Years ago, I heard about a book called “Ready Player One“. I fully intended to check it out, but forgot about it and was sidetracked.
A short time ago, I read that Stephen Spielberg was working on a movie adaptation of the book and thought I had to check it out for myself.
Boy, was that a great decision! “Ready Player One” was one of the most fun books I’ve read in years.
“Ready Player One” is set in a dystopian 2044. The world finally hit “peak oil” decades earlier and the world has been consumed by an energy crisis ever since. The energy crisis triggered a worldwide depression and increases the occurrence of war, famine. The middle class has essentially disappeared and the poor live in trailers stacked high into the sky.
To escape from the world, users go to the OASIS. The OASIS is a virtual world. Users can put on a pair of virtual reality glasses and be transported to any place, limited only by their imaginations. Most fictional worlds are covered — there are authentic recreations of different universes: Star Trek, Star Wars, Firefly, Middle Earth, Blade Runner . . . just to name a few. Most of humanity spends all of their time in this virtual universe, mainly because the outside world is so horrific and the online world is so completely immersive.
At the beginning of the book, the creator of the OASIS (James Halliday) dies. With no living heirs, he leaves behind his entire fortune and controlling interest in the OASIS to whoever can find it in a series of puzzles embedded in the OASIS. Halliday creates a series of quests and puzzles in the OASIS for whomever can solve them. They are all rooted in his obsession with the 1980s and early video games.
The protagonist of the book (Wade Watts, known in the OASIS as Parzival) is one of millions of people looking for Halliday’s Easter Egg. He’s poor and growing up in a stack of trailer homes. As you might imagine, he’s up against significant competition, including a rival multi-billion dollar corporation intent on seizing the OASIS and Halliday’s fortune for themselves by any means necessary.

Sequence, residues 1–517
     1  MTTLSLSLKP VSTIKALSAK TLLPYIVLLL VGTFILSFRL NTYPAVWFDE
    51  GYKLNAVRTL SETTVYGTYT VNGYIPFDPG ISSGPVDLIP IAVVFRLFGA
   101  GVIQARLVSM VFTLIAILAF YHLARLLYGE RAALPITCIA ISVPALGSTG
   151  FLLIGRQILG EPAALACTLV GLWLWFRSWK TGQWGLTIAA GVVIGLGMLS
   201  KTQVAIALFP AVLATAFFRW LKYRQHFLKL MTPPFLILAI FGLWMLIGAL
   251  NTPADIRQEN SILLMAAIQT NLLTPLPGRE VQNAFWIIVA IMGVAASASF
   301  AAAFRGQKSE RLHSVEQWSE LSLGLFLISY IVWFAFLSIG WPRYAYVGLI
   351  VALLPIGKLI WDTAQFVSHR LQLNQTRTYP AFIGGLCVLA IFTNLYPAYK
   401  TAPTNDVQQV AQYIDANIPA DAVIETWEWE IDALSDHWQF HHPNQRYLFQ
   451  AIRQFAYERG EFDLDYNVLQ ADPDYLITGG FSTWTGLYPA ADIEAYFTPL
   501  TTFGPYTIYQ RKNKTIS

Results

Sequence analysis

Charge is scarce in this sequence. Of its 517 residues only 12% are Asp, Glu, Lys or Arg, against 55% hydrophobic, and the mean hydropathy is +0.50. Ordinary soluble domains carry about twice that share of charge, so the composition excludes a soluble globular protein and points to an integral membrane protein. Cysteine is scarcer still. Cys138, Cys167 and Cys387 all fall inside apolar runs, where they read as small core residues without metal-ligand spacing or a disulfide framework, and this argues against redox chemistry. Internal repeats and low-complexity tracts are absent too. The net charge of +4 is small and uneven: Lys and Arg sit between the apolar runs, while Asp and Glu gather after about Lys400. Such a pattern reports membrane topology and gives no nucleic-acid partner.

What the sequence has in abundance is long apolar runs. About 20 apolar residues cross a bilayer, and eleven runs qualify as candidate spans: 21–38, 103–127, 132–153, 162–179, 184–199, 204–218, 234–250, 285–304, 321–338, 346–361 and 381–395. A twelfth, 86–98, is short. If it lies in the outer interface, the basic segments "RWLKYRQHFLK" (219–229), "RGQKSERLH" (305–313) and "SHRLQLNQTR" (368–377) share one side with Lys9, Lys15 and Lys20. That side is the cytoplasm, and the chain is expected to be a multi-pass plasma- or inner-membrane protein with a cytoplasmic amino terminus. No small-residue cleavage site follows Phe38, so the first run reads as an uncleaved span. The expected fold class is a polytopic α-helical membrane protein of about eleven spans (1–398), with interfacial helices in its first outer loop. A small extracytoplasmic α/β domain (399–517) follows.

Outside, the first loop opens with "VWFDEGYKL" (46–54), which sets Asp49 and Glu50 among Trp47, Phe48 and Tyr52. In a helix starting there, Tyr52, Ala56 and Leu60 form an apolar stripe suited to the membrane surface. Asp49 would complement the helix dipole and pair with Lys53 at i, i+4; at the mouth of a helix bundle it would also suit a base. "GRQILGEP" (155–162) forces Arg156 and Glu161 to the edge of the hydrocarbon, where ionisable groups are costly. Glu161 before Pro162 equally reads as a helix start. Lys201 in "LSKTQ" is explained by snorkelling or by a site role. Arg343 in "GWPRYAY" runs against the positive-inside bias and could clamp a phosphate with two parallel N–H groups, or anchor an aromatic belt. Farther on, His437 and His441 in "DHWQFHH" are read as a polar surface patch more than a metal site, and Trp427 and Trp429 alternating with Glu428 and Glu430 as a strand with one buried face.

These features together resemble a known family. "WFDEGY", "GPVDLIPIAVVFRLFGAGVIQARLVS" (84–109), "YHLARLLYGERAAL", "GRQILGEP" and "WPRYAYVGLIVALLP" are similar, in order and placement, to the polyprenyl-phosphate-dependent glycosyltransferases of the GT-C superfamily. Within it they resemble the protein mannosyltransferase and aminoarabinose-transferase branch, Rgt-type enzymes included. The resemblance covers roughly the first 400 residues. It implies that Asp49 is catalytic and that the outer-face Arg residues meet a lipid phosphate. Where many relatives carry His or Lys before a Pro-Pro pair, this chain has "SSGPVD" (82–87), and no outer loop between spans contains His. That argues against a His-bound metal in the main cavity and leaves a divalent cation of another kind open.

The book is incredibly fun. Not only is it a great adventure with interesting characters and a compelling vision of the future, but it is a deep nostalgic trip into the 1980s. It includes references to everything imaginable from the decade. The protagonist’s virtual meeting room in the OASIS is modeled after the living room from “Family Ties“. One of the quests involves the movie “War Games”. Things covered include Rush, Pac-Man, obscure video games like “Dungeons of Daggorath“, pizza shop arcades . . . actually, it’s hard to think of what facets of pop culture from the ’80s aren’t covered. The protagonist even drives a Back to the Future inspired Delorean in the Oasis. Naturally, it is capable of space flight and light speed!
I grew up completely absorbed in the pop culture of the 1980s and the decade has a special place in my heart, so that’s probably a major reason why I loved this book. It was also nice to read a book written by fellow geek who loves the decade even more than I do. My video game experiences are mostly from the NES and SNES era, but I could still appreciate all of the Atari references.
If you’re looking to kick back and go on a rip roaring adventure, I can’t recommend this book enough. It’s the perfect summer read. Definitely check it out before the movie comes out next year.
Next on the agenda is Cline’s second book, Armada. I’ll let you know what I think when I finish it!
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